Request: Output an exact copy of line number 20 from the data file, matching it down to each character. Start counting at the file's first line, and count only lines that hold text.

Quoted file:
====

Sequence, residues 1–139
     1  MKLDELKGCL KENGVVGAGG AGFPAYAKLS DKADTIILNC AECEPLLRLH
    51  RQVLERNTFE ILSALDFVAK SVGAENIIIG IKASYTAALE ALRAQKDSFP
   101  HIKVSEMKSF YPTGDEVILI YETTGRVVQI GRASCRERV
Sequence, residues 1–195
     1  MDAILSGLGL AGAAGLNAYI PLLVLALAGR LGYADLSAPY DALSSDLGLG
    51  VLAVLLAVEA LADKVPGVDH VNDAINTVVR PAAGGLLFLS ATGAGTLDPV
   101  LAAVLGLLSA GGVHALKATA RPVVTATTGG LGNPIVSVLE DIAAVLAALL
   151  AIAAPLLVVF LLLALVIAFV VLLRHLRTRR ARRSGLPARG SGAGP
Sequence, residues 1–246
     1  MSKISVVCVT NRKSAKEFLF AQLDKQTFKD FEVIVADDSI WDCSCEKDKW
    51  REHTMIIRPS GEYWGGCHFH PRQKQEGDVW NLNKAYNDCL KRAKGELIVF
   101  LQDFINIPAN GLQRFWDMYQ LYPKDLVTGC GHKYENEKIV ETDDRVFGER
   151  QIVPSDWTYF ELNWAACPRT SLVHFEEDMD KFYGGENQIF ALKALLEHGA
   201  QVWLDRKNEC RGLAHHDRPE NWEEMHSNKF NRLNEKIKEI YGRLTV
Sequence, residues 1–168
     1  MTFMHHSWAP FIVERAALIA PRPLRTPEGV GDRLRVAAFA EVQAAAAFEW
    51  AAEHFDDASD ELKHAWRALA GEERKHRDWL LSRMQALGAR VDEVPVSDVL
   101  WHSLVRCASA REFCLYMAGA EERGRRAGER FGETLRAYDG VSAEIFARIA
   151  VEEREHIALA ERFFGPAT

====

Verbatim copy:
   151  VEEREHIALA ERFFGPAT